Water Contamination: A Growing Epidemic

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It has been theorized that life on earth began in water, and it is fact that without water, no form of life could survive. Around the world, lack of potable water has grown rampant, ironically, since the earth is thought to be 71% water (1). As a race, we humans are struggling to provide potable water; this can be seen here in the United States with the severe droughts in California which are highly debated in politics regarding the consumption and conservation of available potable water, and even more so world wide such as with the astounding contamination of water in India caused nation wide by a lack of sewage treatment infrastructure, hindered further by negative stigmatism associated with bathrooms, causing millions of yearly deaths via water-borne illnesses. India, therefore, is exemplary when taking into account the paramount importance of addressing the issue of potable water. Figure 1 shows the state of contamination almost all of India's water supplies face.

Fig. 1. The longest and second largest tributary of India's sacred Ganges river, the Yamuna is a quintessential example of the high level of contamination in large bodies of water by untreated sewage in India..

By Santiago Acero

Contaminated Water

Fig 3. A diagram showing the exploitation of ground water in India..

Ground Water

Fig 2.Sewage generation compared to the capacity of its treatment in India..

It is estimated that cities in India produce around 40,000 million daily liters of household biological sewage; alarmingly, only about 20% of this waste is treated (2,3). Figure 2 provides a visual representation of sewage production and treatment capacity. Excreta Does Matter (2013) a study by the Centre for Science and Environment (CSE) says that "[t]he untreated waste dumped into rivers seeps into groundwater, thereby creating a ticking health bomb in India," which is overly problematic because the same study reports that 48% of India’s populous lives off groundwater. Groundwater has become a main source of water for a large percentage of Indians because of its ease of access, lack of regulations, and its preferred reliability over stagnant surface water (4).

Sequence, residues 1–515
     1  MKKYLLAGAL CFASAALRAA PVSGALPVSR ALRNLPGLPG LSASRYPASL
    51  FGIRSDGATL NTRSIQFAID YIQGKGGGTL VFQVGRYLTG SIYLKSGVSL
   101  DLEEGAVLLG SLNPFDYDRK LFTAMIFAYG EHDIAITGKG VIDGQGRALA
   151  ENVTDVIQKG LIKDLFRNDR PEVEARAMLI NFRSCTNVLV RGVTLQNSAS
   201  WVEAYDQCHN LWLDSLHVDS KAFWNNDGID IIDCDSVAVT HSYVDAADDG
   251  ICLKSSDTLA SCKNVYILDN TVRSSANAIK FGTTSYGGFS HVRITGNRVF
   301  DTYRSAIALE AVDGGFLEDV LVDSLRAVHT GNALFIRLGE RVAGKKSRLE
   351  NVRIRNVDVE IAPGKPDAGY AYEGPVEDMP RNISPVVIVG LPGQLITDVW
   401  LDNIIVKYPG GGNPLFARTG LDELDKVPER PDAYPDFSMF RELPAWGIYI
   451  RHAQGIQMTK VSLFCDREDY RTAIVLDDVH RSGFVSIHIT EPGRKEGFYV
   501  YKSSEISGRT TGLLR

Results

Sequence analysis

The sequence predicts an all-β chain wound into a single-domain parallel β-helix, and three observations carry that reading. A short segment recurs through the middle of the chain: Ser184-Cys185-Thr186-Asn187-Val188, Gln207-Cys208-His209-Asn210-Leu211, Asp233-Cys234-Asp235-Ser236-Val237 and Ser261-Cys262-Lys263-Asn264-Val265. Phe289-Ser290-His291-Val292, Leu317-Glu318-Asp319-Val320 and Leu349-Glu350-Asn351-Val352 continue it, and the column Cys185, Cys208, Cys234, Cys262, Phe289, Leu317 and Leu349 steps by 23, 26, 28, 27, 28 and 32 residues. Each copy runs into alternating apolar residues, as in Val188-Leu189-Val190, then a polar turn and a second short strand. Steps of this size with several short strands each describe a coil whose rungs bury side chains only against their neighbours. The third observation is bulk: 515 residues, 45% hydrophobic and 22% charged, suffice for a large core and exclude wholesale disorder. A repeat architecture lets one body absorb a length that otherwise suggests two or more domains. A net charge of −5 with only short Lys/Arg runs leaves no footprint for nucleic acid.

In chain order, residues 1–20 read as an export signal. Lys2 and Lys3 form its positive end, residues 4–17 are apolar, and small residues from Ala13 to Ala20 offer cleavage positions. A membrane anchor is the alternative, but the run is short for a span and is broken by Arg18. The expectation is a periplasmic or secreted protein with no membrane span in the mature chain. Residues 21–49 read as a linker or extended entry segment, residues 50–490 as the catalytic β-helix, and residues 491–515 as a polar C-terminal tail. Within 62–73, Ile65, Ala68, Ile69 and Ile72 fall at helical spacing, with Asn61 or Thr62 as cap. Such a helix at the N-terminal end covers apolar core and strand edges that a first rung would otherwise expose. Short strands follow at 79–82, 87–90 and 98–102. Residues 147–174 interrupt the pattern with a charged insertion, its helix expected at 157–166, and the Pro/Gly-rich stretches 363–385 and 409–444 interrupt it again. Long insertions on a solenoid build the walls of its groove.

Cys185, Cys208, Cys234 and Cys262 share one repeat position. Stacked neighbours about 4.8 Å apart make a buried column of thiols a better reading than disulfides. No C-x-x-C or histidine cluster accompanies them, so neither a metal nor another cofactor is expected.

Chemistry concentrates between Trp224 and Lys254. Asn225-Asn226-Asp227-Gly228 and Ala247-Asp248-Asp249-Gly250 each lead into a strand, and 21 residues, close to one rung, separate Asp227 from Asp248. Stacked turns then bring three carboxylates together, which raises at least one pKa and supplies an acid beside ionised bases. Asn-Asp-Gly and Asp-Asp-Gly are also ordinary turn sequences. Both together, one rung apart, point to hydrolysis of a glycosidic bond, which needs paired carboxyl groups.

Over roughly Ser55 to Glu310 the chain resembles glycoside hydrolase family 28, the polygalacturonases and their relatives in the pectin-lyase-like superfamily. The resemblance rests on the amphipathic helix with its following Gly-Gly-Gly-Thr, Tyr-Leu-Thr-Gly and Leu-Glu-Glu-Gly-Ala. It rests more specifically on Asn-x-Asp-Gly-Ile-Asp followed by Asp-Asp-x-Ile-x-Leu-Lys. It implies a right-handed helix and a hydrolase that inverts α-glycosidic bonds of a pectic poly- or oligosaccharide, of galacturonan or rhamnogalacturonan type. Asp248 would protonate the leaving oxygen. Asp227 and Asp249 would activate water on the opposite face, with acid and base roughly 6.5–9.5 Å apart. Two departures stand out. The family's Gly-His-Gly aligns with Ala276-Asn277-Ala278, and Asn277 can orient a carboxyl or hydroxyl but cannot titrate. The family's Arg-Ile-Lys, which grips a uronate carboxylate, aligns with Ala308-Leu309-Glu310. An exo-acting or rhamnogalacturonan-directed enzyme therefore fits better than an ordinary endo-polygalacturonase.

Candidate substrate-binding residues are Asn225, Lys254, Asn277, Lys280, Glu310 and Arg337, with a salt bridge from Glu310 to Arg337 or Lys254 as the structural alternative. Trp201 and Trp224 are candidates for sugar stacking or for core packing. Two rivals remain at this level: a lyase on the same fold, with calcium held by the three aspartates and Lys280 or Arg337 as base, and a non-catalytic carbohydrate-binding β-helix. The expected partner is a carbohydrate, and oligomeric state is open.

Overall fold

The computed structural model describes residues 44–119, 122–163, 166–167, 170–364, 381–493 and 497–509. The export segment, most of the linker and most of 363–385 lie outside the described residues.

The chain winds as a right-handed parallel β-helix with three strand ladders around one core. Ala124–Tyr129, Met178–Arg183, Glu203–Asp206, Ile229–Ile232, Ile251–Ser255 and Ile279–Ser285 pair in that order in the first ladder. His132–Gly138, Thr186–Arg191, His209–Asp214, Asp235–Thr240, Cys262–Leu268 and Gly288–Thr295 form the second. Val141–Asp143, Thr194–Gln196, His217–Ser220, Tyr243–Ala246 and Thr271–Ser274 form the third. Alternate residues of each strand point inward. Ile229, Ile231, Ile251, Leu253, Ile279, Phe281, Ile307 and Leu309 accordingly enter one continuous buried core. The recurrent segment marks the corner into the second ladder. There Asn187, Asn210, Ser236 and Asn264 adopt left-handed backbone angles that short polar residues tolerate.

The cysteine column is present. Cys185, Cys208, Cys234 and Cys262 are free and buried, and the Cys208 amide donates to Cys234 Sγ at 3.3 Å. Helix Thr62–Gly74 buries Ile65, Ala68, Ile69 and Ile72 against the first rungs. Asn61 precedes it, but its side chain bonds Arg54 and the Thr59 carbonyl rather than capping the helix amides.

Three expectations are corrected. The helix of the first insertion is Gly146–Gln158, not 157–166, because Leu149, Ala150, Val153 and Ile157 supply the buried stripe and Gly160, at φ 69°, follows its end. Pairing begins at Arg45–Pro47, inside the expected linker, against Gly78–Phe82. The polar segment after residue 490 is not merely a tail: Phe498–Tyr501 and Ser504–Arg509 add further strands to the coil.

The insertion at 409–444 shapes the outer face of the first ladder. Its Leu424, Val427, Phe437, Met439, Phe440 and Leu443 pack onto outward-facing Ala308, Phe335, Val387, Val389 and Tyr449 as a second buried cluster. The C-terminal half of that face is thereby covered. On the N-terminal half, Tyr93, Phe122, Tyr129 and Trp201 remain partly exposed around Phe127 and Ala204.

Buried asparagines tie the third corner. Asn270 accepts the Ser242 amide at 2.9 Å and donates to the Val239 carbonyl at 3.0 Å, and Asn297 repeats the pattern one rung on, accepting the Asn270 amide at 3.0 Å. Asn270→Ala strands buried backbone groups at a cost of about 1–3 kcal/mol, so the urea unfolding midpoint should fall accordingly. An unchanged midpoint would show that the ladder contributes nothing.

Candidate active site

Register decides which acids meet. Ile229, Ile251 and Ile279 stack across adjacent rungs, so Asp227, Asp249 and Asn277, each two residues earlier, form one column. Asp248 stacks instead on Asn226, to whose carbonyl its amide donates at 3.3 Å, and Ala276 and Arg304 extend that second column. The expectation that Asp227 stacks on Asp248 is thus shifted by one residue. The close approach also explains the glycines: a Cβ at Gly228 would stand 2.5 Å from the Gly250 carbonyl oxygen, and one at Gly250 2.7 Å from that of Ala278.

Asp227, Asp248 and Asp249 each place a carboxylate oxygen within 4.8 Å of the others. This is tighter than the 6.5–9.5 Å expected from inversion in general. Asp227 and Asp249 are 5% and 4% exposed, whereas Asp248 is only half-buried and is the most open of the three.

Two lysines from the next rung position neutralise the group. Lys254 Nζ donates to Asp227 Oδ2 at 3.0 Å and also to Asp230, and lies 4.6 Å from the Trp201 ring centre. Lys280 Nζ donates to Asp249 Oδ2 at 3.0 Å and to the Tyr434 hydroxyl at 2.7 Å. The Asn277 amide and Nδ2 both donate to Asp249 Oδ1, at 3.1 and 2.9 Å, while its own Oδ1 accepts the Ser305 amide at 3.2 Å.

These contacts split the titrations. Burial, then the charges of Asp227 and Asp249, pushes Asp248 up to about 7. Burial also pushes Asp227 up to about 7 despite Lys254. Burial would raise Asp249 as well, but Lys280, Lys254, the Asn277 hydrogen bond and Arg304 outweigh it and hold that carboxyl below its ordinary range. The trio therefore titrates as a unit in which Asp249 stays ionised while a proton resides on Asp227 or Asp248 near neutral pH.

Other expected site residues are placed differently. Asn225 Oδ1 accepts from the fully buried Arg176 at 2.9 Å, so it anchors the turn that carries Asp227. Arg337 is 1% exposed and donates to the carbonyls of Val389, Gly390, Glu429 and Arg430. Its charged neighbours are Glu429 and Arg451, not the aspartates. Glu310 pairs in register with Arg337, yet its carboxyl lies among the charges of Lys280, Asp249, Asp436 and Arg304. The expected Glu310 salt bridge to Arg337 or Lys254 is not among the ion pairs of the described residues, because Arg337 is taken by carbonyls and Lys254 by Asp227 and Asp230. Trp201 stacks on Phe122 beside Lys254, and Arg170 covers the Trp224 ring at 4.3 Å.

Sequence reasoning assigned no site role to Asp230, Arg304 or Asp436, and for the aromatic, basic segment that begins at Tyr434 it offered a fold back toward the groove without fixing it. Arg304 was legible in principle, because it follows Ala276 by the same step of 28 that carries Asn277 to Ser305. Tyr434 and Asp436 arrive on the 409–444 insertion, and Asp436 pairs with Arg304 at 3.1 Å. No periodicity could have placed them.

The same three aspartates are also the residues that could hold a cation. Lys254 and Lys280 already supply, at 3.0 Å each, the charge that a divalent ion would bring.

Another problem associated with tapping into this resource involves India’s large, and growing population. In the past four decades, India’s population has doubled to 1.2 billion and over 30 million water wells and pumps have been built. With over 600 million people in India living off of groundwater, the resource is becoming scarce and harder for farmers and others to acquire. Many areas are beginning to become increasingly stressed as seen in figure on the left. Normally, groundwater is obtained by tapping 10 meters into the ground. However, with the immense demand for groundwater, farmers and others are being forced to tap 60 meters into the ground. Past 10 meters, they must utilize deep-water equipment, which is a costly and arduous process. The majority of this water is in demand for irrigation. As India’s water sources become polluted, the farmers have been a group to particularly struggle. Along with a lack of accessible groundwater, animals that normally inhabited the marsh lands surrounding the rivers, are leaving those areas due to the mass pollution of the rivers and coming to farmers’ fields, destroying their crops, an Indian farmer told the New York Times in a piece released in 2013. It is evident the impact that water contamination is having on groundwater in India, which is the main source of water to almost half the country. But where does the pollution come from?

Sewage Complications

Fig 4. A graph showing how water usage is distributed in India..